These WSJ letters to the editor are actually worth reprinting:
The ObamaCare Chickens Come Home for Young Voters
Regarding Ezekiel J. Emanuel’s “Health-Care Exchanges Will Need the Young Invincibles” (op-ed, May 7): Dr. Emanuel suggests that purchasing insurance is a part of “individual responsibility,” and without insurance one is effectively “free-riding on others.” Further, he suggests that President Obama carry this message to the 18-to-29-year-old demographic that helped him into office for a second term.
Unfortunately, President Obama doesn’t have much credibility when it comes to the social debate against free-riding, having run on a platform of low personal accountability. Isn’t this the president who asked for high earners to pay an increasingly progressive tax in an effort to enhance the federal income-tax free-ride? Given his campaign rhetoric, it seems wildly inconsistent for this president to now take on a message of individual responsibility and inclusiveness when it comes to the financial burden this country must bear for health care.
Dr. Emanuel informs us that “buying insurance is part of individual responsibility.” If not, only older and sicker citizens will be in the insurance exchanges, making coverage extremely expensive. What he neglects to mention is that the penalty for not buying insurance is the greater of $695 or 2.5% of income (say $1,250 for a $50,000 income) in 2016. Yet the Congressional Budget Office says that same year the average cost of the bronze plan (least expensive) in the exchanges will be $4,500 to $5,000 for an individual. These young “invincibles” are supposed to pay over $3,000 more for insurance coverage when, if they just pay the penalty, they are guaranteed coverage. Is he saying that these young invincibles are supposed to be stupid, too?
To expedite this process the Obama administration should drop the insurance charade, call a tax a tax and impose it on all of those young Americans whom they wish to motivate. Maybe they will catch on when they realize that once they’ve signed on they will face ever-increasing charges. Then they will be properly motivated. The road to hell is paved with good intentions.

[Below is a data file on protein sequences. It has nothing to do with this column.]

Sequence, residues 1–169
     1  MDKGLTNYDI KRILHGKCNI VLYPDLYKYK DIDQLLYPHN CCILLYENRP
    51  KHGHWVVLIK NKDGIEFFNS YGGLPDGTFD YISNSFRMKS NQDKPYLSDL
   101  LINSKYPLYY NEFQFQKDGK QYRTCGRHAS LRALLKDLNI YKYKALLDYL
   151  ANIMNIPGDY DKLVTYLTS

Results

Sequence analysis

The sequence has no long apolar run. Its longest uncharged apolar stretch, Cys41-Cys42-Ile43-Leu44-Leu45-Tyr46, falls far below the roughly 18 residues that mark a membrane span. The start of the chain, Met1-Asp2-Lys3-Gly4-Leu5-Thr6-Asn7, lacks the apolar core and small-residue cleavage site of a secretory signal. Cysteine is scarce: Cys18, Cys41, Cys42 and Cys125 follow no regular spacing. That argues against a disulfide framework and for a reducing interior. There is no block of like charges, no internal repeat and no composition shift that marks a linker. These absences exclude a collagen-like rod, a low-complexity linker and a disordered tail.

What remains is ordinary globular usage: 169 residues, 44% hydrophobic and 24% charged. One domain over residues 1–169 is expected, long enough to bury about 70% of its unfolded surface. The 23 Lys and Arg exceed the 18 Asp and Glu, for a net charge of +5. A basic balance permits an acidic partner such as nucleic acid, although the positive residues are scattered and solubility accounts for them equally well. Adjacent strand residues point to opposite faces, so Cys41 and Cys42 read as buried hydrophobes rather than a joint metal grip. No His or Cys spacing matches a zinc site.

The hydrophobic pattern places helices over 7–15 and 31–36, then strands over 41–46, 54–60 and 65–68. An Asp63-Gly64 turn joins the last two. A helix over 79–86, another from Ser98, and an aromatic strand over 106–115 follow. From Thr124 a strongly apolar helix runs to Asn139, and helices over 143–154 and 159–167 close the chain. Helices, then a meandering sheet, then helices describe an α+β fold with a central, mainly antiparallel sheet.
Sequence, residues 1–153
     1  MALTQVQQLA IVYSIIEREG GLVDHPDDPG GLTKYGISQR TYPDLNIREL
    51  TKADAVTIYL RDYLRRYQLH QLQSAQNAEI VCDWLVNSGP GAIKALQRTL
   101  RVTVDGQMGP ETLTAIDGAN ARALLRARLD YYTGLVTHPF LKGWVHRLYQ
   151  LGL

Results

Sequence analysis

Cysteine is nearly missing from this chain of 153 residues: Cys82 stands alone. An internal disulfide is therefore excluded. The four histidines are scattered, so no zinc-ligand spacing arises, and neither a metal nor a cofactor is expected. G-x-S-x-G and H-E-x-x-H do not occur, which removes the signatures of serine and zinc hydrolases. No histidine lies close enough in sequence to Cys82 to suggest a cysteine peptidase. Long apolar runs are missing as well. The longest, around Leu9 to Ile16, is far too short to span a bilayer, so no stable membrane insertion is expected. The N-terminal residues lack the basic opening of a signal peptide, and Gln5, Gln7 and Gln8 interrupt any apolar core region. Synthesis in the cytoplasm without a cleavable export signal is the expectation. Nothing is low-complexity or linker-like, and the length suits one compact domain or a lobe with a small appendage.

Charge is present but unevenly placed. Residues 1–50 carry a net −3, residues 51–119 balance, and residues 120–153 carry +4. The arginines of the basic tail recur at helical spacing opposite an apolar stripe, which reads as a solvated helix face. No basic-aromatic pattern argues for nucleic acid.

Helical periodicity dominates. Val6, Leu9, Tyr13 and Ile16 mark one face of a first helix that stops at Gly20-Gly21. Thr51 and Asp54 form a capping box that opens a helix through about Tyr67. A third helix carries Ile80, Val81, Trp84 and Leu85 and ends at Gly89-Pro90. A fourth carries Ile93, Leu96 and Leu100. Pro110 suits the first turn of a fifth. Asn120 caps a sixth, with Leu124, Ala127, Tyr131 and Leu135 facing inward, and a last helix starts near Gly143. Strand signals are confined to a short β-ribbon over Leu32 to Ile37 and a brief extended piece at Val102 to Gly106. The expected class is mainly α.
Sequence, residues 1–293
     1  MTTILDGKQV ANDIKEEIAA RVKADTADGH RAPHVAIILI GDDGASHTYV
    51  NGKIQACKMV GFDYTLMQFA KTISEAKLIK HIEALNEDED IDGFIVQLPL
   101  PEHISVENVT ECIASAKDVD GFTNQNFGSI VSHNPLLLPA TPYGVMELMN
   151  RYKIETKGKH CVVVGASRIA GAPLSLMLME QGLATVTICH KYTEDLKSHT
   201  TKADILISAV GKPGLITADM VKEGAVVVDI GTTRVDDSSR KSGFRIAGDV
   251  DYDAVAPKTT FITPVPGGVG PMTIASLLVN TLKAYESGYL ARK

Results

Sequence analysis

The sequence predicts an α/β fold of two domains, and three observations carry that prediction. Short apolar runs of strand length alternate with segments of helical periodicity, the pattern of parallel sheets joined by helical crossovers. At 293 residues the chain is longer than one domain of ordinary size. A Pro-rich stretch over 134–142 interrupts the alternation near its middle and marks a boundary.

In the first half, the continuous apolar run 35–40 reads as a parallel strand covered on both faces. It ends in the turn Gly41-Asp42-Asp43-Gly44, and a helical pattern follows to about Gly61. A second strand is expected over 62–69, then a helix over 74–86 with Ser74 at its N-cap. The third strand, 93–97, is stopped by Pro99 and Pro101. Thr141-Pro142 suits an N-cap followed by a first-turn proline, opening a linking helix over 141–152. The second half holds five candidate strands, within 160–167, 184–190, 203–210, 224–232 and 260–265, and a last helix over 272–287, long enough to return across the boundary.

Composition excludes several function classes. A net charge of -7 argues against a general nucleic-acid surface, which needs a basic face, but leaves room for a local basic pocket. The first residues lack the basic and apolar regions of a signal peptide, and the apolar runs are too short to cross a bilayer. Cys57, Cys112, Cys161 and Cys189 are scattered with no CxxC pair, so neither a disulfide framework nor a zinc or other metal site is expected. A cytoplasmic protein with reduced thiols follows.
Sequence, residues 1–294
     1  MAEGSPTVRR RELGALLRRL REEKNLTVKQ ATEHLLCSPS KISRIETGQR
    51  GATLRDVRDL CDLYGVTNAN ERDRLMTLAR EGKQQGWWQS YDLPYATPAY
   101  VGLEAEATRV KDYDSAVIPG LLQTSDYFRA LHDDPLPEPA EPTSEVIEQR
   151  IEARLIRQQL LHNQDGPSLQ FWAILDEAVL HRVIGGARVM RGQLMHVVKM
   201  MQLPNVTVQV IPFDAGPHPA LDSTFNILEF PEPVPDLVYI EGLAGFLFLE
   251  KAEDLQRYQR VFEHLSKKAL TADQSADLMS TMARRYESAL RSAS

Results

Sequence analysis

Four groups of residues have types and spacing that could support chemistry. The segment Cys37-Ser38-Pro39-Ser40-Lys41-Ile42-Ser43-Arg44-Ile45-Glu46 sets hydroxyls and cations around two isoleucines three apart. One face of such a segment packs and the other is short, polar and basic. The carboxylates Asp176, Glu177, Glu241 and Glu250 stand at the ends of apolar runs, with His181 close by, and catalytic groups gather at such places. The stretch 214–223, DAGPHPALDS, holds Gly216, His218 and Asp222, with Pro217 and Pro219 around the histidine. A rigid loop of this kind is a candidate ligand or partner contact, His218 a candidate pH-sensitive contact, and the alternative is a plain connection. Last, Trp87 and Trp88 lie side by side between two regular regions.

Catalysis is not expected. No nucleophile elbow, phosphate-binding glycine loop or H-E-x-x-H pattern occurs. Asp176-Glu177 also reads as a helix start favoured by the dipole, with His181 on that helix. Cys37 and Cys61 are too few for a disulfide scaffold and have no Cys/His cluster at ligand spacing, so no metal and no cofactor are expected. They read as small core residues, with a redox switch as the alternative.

With the promise that pre-existing conditions cannot be used to deny insurance or raise the premium, ObamaCare eliminates any rational argument for buying health insurance when you are still healthy. The elimination of gender and very limited use of age and health status to adjust the premium will fall particularly hard on young, healthy men and on those who live a healthy lifestyle. Maybe Dr. Emanuel missed the campaign: The president’s plea for re-election was a promise to tax the other guy—either the 1% or the “millionaires and billionaires,” not for young men just getting started with their own lives and careers to pay more now themselves.
James M. Nachbar, M.D.
As a 29-year-old invincible young man, I have to wonder: When do I get mine? Unemployment among my age group far exceeds national numbers. Student debt is reaching heights unfathomable a decade ago. We are continually asked to pay into Social Security and Medicare when by all estimations the programs will be unable to sustain themselves until our own retirement.
More and more young people are asked to contribute beyond their meager means. At what point in our lives do we begin working for ourselves rather than for others?
Those of us who have some understanding of the type of plans required to be offered via these exchanges know that the base annual deductible for such plans will be $2,500. The proponents of the Affordable Care Act expect folks who don’t find value in purchasing even basic health insurance now to purchase an ACA-designated policy with such a high annual deductible. This will likely not occur. Secondly, the author wants 18-to-29-year-olds to purchase their own plans, when the same law mandates that their parents’ plan cover them until they are 26 years old. Call me silly, but would this make sense to me if I were a 22 year old?
Arvind R. Cavale, M.D.
It is almost laughable (were it not so sad) that Dr. Emanuel ties the Affordable Care Act and its financial success and affordability to “individual responsibility” when in fact it is individual responsibility that the law attacks. The ability to act and choose (badly sometimes) isn’t available in the law. You do what is suggested or you are fined, excuse me, taxed.
Peter E. Politi
[And my favorite…]
If the success of ObamaCare rides on “Insurance Exchange Days” at Yankee Stadium, I say, “Good luck with that.”
Mark H. Johnson